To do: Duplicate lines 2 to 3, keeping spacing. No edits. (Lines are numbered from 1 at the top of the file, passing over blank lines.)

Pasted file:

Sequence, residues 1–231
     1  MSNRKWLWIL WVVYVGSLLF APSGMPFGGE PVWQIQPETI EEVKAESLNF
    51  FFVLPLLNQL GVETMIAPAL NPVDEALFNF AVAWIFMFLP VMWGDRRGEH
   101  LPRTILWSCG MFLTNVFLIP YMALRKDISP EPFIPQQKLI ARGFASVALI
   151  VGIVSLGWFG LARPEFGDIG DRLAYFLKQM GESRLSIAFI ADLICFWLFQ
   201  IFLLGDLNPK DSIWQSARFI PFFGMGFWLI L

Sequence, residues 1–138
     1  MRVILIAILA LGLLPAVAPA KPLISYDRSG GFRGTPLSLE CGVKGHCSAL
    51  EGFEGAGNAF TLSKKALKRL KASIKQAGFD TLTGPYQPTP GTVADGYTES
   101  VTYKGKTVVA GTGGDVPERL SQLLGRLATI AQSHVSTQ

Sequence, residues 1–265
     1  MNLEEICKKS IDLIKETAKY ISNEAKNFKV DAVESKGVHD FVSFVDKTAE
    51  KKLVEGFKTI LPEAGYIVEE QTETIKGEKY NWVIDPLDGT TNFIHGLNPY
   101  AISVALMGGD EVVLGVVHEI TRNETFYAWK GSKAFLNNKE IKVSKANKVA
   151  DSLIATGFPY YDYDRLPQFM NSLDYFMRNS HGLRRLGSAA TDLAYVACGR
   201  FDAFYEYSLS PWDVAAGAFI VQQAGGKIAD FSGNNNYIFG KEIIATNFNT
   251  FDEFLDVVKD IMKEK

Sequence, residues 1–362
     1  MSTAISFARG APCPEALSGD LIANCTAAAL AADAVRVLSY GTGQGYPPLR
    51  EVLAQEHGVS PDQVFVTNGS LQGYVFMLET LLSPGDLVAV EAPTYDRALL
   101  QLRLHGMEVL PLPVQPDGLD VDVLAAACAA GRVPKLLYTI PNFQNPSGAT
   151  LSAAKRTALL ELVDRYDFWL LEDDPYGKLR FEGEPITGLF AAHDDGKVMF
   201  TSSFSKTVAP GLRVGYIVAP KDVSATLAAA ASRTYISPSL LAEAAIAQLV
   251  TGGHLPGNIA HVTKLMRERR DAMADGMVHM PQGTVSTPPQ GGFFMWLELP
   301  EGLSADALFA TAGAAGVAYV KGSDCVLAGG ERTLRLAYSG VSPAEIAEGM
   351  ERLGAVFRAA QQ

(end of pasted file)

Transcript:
     1  MSNRKWLWIL WVVYVGSLLF APSGMPFGGE PVWQIQPETI EEVKAESLNF
    51  FFVLPLLNQL GVETMIAPAL NPVDEALFNF AVAWIFMFLP VMWGDRRGEH